U.S., British Newspapers Call for Snowden Clemency

The New York Times and Britain's Guardian newspaper are calling for clemency for Edward Snowden, the former U.S. national security contractor who leaked a massive trove of details about clandestine American spying.

The 30-year-old Snowden is living in asylum in Russia as the United States seeks his return to face espionage charges and a lengthy prison term if he is convicted.

In an editorial Thursday, the Times said Snowden may have committed a crime, but said "he has done his country a great service" by giving Americans their first extensive information about the scope of the surveillance programs being conducted by the National Security Agency.

The Times said U.S. President Barack Obama should direct "his aides to begin finding a way to end Snowden's vilification."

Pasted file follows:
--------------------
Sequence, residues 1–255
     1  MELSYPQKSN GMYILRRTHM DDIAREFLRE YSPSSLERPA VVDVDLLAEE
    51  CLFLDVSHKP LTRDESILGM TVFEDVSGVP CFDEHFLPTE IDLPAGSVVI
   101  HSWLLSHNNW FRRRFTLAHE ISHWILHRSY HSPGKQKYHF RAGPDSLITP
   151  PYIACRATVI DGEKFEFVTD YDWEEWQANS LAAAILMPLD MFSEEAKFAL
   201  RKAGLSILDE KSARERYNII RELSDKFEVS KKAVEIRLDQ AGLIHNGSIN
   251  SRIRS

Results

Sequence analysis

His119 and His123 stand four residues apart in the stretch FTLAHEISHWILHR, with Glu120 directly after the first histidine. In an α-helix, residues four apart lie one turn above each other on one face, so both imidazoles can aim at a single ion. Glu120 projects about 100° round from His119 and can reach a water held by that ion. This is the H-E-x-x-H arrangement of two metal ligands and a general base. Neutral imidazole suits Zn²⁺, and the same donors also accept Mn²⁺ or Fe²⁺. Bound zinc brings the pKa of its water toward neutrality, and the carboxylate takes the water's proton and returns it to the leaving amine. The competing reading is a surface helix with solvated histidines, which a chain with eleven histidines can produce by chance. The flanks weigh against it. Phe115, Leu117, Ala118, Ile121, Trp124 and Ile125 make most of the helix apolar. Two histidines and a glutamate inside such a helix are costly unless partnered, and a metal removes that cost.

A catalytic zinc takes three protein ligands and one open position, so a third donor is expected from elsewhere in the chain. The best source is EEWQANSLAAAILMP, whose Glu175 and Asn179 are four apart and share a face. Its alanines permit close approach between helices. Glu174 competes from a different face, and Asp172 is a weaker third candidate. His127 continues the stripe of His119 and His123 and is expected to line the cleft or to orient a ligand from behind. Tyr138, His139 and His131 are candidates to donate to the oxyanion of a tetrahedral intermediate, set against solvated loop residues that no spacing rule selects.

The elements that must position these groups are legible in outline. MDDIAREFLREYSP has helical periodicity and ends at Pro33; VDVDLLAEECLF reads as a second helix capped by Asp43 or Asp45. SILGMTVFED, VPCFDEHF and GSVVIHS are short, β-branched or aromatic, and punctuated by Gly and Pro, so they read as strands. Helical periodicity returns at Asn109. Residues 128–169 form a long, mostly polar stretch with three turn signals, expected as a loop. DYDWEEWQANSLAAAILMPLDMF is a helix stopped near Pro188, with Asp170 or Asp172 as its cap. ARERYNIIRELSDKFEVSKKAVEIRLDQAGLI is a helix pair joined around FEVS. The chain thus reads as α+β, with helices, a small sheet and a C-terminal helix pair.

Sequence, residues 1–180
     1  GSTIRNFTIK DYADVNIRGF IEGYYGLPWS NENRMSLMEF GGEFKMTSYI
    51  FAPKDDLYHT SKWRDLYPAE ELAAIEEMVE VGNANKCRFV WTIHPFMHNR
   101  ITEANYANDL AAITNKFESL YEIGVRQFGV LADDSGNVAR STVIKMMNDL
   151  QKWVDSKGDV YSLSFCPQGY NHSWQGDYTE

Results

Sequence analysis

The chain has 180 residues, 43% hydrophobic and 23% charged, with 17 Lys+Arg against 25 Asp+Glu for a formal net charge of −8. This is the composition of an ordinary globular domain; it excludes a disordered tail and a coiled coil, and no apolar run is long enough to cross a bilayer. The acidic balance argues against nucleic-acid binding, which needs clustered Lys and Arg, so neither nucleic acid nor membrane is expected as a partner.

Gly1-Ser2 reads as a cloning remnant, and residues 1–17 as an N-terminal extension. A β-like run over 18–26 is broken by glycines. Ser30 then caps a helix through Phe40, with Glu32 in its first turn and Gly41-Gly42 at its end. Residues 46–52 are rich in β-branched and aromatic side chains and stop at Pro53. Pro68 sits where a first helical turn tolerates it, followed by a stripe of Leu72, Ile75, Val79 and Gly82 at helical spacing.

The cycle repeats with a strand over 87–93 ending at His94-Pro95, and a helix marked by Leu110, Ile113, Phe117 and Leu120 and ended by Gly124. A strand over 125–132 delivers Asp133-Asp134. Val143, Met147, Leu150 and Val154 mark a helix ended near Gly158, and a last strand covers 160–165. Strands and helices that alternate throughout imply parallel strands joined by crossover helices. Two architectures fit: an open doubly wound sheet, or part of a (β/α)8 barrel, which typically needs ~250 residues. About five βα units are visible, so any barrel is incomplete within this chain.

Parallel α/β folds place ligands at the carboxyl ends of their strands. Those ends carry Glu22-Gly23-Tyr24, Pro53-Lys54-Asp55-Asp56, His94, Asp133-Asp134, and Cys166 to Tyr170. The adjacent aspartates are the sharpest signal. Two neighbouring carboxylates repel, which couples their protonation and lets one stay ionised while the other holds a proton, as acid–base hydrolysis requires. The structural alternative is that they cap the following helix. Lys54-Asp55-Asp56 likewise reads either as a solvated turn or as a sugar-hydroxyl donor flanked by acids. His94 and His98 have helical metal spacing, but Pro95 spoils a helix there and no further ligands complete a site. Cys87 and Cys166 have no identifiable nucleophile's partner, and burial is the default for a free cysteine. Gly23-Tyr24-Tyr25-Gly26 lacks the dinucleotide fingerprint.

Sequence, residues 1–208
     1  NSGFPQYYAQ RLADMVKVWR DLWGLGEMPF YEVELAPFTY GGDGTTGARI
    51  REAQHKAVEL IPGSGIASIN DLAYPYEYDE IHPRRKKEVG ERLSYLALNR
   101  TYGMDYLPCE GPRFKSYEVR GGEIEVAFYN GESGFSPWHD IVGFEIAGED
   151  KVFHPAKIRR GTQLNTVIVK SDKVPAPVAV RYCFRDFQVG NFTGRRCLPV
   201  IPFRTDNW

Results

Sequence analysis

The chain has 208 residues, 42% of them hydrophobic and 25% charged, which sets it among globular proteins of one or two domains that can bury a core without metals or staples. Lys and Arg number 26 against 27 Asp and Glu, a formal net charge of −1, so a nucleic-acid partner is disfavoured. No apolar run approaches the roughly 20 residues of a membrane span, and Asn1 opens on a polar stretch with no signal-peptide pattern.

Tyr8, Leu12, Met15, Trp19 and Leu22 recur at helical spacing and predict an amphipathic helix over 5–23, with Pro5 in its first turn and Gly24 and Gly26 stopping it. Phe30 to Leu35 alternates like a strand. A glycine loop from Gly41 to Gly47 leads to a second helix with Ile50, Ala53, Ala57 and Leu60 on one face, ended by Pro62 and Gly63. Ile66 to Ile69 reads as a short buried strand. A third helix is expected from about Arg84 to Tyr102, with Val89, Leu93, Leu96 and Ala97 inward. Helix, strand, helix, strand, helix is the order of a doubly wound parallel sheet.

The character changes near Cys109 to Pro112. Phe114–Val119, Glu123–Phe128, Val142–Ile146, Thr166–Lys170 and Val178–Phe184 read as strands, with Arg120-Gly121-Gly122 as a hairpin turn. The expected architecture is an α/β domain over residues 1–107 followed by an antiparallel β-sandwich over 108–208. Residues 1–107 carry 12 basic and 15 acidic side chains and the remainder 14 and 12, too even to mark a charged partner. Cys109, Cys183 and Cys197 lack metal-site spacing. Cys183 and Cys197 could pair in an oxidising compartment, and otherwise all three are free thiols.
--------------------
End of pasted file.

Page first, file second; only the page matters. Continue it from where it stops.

The Guardian said Snowden's disclosure of the information was an "act of some moral courage," and Obama should allow him "to return to the U.S. with dignity."

A Washington Metro bus is seen with an Edward Snowden sign on its side panel on Dec. 20, 2013. /Reuters A Washington Metro bus is seen with an Edward Snowden sign on its side panel on Dec. 20, 2013. /Reuters

A key NSA official investigating Snowden's leaks, Rick Ledgett, recently suggested that Snowden could be given amnesty if he handed over undisclosed documents he still has.  But the White House and other key U.S. intelligence officials have remained adamant in their call for Snowden's prosecution.

The Times says Snowden "was clearly justified" in his belief the only way to expose the information was to leak it to the public, rather than to work internally to get the NSA to reduce the amount of information it is collecting. The Guardian said he set "a shining example about the value of whistleblowers and of free speech itself."

Snowden leaked much of his information last year to the Guardian and The Washington Post, which have published voluminous accounts of the U.S. spying, including its collection of records of millions of telephone calls, including the numbers called and the length and dates of the calls, although not the content.  American spy chiefs say the United States needs the information to thwart new terrorist attacks against itself and other countries.

VOA News / Jan. 03, 2014 08:10 KST